But RESTing in God goes beyond having a day off each week. It’s a state of constancy.

It’s not about kicking back and doing nothing, rather it’s about doing everything from a place of relationship with God the creator, so that you Rely Entirely on Him and Stop Trying to make everything alright on your own.

Happy Christmas

Dec 24, 2011   //   by admin   //   Blog  //  No Comments

Sometimes I make a little film at Christmas, a summary of the year. It’s kind of a therapy thing. Haven’t done that yet, but here’s a Christmas illustration for you and if you want to see a snippet of my year, then whiz to skip to 37mins and 37 seconds for my MA graduation on 11/11/11 at you’ve guessed it around 11.11 am. What a year.

Group 5 presents

Mar 31, 2011   //   by admin   //   Blog, blogtest  //  No Comments

Putting the presentation together has been another hurdle. There are still slight traces of the concept content dichotomy.

Today we arrived to make our rehearsed presentation to the group. For me we had finally become a dynamic team. Everyone had the same aims and goals for the day and without conferring had all worn the same colour clothes. Spooky!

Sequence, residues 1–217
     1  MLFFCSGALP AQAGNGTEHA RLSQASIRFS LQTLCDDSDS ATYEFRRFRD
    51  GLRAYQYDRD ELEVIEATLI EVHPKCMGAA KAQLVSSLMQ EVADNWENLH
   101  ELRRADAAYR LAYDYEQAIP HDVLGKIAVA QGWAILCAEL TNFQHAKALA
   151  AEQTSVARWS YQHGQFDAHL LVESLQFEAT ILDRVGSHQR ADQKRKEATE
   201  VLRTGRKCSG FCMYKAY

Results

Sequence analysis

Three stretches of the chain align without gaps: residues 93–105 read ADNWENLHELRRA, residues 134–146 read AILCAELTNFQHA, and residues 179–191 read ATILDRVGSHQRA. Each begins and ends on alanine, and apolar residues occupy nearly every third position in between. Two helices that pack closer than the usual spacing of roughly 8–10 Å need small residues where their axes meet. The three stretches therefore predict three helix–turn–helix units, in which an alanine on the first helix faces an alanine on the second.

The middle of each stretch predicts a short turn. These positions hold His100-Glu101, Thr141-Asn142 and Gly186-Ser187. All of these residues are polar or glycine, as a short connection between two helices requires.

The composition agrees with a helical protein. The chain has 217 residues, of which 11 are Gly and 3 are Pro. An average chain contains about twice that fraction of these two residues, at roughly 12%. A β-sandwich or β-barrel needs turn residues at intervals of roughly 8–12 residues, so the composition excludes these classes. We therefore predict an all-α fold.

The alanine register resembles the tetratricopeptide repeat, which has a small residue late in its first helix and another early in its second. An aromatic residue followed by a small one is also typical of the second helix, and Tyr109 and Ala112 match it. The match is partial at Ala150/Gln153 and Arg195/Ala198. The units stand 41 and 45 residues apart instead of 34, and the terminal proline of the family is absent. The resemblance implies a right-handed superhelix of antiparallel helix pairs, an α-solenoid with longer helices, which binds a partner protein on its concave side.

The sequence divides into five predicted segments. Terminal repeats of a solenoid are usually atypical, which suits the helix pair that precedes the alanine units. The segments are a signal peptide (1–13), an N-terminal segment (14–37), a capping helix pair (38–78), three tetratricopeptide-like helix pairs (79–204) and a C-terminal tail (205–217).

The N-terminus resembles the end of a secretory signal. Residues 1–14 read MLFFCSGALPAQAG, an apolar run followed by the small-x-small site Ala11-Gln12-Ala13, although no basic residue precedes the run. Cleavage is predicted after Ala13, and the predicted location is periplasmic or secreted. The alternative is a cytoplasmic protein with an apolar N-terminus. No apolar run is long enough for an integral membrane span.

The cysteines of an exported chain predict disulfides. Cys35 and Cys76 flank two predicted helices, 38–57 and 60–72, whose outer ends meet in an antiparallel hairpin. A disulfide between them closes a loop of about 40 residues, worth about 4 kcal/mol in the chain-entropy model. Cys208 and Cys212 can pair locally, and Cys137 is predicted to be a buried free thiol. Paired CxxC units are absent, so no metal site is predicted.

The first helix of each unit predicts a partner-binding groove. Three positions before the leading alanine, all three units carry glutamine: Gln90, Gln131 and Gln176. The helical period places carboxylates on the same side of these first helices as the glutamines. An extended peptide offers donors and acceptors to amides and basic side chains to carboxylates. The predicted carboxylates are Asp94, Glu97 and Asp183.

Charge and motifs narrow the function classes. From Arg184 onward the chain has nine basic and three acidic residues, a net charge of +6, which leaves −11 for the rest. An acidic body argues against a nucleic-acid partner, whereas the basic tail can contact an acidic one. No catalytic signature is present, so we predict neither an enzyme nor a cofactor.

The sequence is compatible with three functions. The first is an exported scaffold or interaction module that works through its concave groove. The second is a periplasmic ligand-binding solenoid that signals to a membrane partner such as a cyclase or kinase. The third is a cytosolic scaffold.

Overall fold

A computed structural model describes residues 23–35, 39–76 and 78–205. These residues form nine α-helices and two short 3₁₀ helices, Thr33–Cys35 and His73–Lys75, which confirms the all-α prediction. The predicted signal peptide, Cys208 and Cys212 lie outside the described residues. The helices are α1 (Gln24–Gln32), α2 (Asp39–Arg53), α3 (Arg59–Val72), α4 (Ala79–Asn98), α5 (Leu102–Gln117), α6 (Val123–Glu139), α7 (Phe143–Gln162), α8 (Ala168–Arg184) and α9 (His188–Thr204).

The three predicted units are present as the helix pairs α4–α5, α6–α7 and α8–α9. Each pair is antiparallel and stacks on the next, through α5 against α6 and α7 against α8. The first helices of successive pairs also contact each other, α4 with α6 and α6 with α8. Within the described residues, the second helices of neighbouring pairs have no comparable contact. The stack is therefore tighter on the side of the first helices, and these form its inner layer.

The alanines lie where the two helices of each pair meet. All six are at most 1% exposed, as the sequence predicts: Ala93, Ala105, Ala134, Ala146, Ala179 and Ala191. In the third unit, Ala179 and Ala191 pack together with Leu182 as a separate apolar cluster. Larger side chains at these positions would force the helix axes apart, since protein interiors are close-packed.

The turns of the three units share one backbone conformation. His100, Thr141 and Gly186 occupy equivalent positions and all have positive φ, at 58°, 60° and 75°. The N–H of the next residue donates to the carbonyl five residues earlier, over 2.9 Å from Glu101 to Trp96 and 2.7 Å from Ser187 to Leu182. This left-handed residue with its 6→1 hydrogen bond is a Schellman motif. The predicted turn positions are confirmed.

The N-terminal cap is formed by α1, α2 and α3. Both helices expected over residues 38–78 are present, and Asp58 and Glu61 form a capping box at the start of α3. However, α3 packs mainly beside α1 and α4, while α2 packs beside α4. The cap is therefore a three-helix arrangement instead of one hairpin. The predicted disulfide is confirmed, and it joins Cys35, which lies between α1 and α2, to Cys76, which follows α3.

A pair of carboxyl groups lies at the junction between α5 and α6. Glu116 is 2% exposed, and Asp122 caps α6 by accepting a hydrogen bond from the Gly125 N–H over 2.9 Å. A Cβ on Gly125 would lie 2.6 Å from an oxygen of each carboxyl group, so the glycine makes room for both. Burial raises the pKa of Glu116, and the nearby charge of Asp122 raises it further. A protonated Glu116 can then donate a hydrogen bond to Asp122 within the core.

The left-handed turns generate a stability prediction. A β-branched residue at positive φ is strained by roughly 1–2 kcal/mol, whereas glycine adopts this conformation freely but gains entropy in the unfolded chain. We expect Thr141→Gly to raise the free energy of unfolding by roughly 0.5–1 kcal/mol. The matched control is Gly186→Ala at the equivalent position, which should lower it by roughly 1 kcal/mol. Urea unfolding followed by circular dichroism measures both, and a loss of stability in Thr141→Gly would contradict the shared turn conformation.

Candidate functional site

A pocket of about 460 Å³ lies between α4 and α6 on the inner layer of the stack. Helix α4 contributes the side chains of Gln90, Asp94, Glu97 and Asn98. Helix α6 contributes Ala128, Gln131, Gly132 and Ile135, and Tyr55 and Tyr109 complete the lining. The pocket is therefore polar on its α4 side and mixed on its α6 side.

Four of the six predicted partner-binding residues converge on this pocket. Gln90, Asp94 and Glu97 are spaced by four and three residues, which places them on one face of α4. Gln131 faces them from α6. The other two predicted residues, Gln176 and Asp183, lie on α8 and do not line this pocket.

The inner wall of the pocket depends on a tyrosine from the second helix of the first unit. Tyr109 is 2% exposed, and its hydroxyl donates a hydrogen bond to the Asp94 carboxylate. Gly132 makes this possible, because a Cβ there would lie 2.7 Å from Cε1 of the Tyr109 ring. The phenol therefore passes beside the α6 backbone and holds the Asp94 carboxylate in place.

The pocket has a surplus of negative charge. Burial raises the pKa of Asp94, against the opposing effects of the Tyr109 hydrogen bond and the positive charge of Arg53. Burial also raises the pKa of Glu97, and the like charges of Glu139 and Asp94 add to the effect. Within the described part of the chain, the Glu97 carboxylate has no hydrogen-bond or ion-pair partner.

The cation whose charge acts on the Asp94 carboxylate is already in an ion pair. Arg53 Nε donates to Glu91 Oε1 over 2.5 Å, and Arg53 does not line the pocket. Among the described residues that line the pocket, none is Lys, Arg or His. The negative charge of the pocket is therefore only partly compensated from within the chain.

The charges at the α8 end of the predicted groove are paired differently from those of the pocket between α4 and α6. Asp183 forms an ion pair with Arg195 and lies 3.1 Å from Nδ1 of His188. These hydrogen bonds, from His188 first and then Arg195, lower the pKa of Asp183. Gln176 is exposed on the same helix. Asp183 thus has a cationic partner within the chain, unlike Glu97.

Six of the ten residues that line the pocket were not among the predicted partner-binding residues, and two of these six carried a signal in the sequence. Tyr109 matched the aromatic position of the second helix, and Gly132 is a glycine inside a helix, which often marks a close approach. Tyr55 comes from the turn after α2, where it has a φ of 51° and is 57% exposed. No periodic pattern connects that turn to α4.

Transmedia storytelling is knowing your message, knowing your audience, knowing your media methods and knowing how to work all of these things together.

To bring the concept alive further and make the experience immersive for our audience I even arranged a surprise guest appearance by our art critic.

Spoof art critic for Art Circles project

Presentation, presentation, presentation

Mar 22, 2011   //   by admin   //   Blog  //  No Comments

The story has won the day. Even if it didn’t get first billing in the production, it definitely gets its ranking in first place in the production folder. The treatment, description and summary all hold the keys to the concept. The content takes its place next, beautifully produced artifacts. The Arts Circles is a class concept and skillfully produced with all the talents of the team.

Everyone has pulled out all the stops to get the final nips and tucks made. See the results:

The documercial

An example of one of the featured artists

And an example of one of the featured interviews